Quintana, who turns 34 in January, joins 38-year-old Max Scherzer and fellow newcomer Justin Verlander (40 in February) in a New York rotation that also includes Carlos Carrasco (36 in March). David Peterson and Tylor Megill, both 27, are the top in-house contenders to round out the unit.

“Over the last decade, Jose has been one of the most dependable starting pitchers in the majors,” Eppler said in a separate news release. “Adding another left-handed option to our rotation, especially one with his durability, experience, and moxie, will give our starting staff quality depth.”

Quintana can earn $100,000 for World Series MVP and $50,000 each for League Championship Series MVP, Gold Glove and making the All-Star team. He would get $50,000 for winning a Cy Young Award, $25,000 for finishing second and $10,000 for third.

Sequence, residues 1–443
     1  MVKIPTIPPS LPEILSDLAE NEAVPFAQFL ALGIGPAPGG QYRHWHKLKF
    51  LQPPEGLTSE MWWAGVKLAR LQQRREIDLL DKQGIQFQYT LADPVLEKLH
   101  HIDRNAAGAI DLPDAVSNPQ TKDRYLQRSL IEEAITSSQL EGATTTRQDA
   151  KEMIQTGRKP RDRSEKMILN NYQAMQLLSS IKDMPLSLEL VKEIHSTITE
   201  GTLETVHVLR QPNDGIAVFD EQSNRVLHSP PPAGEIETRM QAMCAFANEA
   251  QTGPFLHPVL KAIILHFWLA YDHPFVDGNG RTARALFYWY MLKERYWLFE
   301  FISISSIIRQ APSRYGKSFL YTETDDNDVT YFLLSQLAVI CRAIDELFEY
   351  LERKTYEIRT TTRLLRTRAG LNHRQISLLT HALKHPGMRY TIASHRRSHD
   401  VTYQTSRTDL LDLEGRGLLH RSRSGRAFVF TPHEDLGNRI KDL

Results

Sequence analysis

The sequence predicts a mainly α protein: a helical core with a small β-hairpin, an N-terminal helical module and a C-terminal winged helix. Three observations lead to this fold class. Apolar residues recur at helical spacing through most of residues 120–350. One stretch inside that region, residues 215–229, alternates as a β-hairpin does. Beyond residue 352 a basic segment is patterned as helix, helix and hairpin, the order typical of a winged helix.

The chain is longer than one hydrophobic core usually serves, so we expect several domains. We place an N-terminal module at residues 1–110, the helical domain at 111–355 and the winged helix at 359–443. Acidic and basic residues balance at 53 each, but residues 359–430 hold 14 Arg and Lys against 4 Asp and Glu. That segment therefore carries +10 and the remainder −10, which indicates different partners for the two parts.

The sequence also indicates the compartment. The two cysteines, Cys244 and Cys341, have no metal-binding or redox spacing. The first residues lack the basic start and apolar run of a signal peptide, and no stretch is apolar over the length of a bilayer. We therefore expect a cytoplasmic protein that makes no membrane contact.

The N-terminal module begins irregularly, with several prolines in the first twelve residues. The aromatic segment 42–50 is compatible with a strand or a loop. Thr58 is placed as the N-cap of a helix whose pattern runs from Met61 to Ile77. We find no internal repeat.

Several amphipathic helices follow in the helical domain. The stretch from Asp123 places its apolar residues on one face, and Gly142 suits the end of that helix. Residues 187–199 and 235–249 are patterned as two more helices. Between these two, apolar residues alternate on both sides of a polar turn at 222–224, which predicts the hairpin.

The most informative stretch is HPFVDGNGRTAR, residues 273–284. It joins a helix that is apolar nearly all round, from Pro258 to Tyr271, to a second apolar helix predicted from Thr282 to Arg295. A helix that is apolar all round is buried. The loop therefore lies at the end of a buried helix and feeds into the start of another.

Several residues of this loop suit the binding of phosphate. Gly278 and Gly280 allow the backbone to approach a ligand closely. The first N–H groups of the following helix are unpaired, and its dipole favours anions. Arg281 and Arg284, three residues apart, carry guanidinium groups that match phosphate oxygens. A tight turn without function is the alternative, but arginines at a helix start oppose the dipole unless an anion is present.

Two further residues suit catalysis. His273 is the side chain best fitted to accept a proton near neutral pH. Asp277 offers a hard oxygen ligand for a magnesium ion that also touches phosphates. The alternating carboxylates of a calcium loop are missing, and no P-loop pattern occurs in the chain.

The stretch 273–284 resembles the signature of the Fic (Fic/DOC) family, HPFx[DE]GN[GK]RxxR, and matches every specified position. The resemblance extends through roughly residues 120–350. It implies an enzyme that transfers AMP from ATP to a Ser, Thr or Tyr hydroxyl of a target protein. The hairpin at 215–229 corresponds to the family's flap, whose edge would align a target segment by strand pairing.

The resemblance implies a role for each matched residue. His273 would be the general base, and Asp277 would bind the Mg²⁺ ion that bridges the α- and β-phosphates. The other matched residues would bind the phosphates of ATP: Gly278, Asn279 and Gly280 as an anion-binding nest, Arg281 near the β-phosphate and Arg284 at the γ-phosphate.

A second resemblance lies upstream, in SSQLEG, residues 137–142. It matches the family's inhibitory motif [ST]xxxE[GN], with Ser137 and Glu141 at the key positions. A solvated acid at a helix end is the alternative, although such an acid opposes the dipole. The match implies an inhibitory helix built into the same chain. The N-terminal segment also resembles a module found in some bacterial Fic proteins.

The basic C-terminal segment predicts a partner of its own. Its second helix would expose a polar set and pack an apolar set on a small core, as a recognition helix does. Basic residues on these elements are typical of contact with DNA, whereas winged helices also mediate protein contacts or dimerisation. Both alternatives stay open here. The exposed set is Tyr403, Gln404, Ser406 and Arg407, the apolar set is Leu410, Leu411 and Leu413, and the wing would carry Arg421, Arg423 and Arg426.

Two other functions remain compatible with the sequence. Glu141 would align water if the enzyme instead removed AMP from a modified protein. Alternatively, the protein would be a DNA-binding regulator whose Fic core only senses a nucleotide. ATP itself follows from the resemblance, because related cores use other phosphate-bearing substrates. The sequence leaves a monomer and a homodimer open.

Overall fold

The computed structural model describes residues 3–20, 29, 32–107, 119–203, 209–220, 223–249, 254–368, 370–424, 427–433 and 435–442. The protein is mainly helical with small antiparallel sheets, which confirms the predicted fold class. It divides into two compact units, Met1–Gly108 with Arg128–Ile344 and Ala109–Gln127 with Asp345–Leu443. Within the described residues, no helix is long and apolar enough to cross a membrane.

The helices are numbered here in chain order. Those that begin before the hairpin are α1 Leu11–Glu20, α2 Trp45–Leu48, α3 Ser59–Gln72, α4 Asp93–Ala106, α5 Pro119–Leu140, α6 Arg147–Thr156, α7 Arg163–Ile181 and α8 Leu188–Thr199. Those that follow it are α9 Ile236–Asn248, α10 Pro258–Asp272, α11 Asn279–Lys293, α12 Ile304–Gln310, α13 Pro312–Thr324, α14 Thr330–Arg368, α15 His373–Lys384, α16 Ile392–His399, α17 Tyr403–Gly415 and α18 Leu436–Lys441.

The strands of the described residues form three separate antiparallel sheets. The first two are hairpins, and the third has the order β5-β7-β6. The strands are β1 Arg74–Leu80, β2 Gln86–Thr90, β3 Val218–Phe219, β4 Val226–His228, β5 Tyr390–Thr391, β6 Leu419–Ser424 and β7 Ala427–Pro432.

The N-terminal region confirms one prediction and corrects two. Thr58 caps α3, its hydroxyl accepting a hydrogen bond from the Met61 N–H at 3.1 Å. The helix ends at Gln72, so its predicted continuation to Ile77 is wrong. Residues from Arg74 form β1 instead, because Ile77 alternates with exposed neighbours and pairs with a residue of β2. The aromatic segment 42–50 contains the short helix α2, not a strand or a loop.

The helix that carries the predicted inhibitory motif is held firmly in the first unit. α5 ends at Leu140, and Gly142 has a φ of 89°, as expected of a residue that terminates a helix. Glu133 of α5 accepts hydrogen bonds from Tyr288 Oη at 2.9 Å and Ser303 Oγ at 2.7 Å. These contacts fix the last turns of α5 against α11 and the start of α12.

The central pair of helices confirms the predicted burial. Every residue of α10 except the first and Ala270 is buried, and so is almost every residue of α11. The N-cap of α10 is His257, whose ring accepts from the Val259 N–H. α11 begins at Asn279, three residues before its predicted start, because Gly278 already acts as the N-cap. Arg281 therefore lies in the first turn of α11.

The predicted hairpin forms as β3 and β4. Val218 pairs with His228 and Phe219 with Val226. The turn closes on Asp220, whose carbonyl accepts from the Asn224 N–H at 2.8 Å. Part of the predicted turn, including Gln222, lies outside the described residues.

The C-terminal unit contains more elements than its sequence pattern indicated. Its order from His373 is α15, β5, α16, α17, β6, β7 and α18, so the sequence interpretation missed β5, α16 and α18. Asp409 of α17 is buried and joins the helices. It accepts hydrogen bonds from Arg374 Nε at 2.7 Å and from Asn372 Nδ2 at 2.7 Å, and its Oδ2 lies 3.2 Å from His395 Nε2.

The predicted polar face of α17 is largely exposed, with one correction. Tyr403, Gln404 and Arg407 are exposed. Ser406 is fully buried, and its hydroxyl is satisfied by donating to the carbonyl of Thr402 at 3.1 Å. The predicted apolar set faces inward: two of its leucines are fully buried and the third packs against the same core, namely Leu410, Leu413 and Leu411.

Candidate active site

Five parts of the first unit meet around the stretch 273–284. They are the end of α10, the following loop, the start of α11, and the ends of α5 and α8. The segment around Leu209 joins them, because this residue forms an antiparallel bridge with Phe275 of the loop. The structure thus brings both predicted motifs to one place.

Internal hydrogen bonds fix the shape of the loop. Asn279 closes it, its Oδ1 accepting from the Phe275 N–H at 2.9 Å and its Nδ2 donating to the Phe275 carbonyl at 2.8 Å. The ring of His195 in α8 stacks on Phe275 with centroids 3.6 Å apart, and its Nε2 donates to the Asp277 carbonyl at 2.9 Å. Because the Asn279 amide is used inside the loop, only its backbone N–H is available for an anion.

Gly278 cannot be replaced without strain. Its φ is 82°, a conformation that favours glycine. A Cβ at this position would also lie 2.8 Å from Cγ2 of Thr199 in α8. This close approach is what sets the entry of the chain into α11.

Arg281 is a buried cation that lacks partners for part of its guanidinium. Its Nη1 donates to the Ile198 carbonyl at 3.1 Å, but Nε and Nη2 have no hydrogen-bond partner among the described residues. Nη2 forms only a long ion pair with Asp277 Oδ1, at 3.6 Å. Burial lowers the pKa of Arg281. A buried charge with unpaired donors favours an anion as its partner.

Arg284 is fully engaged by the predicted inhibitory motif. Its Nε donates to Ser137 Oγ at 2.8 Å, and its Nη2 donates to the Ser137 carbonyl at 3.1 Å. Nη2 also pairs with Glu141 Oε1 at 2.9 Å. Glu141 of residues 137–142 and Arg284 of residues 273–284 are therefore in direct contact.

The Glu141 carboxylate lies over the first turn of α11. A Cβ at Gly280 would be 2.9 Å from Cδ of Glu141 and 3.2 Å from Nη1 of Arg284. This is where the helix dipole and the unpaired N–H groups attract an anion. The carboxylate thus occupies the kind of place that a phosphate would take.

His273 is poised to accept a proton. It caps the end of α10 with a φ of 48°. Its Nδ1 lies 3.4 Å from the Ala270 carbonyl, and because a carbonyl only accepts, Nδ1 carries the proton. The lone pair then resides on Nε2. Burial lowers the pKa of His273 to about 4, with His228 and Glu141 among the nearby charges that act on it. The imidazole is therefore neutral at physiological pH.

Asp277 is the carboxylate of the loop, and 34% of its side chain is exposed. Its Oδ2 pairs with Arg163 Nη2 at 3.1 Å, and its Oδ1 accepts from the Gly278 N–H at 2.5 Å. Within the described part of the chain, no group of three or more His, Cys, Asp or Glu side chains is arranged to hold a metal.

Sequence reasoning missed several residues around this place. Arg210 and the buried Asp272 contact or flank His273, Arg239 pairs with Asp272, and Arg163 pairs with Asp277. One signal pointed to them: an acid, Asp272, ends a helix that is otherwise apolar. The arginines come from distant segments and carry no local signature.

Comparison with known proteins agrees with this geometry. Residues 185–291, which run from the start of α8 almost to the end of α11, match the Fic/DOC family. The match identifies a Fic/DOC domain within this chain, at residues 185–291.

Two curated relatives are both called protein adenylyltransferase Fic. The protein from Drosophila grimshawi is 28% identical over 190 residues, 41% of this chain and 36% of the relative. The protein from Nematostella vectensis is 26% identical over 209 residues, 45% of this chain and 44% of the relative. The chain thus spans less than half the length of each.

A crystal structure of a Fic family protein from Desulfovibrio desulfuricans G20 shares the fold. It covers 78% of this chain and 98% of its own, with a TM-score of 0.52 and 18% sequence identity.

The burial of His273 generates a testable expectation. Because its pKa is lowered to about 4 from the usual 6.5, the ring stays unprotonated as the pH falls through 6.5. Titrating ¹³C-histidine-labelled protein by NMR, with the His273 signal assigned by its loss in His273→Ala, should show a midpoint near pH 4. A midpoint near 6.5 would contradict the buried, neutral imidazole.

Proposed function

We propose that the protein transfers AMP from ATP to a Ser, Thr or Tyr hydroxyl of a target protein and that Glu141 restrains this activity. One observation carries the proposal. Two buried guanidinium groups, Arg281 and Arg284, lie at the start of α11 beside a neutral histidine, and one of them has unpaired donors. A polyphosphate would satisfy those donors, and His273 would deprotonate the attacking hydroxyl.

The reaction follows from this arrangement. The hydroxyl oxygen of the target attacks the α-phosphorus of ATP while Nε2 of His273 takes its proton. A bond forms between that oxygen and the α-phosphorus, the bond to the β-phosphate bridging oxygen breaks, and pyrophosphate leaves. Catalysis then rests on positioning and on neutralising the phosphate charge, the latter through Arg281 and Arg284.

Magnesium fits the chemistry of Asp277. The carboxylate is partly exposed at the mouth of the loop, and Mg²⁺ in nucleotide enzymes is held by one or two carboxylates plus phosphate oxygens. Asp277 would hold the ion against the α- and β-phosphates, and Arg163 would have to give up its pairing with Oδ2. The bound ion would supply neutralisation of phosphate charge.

It’s been a hectic week for Eppler and the Mets, who landed Verlander with an $86.7 million, two-year contract that includes a conditional $35 million player option for 2025. They also traded for lefty reliever Brooks Raley from Tampa Bay and agreed to bring back free-agent center fielder Brandon Nimmo on a $162 million, eight-year contract, subject to a successful physical.

Scherzer, Verlander and Quintana all started their team’s playoff opener last season. The 2023 Mets will be the first club with three pitchers who each started his team’s first postseason game the previous year, according to the Elias Sports Bureau.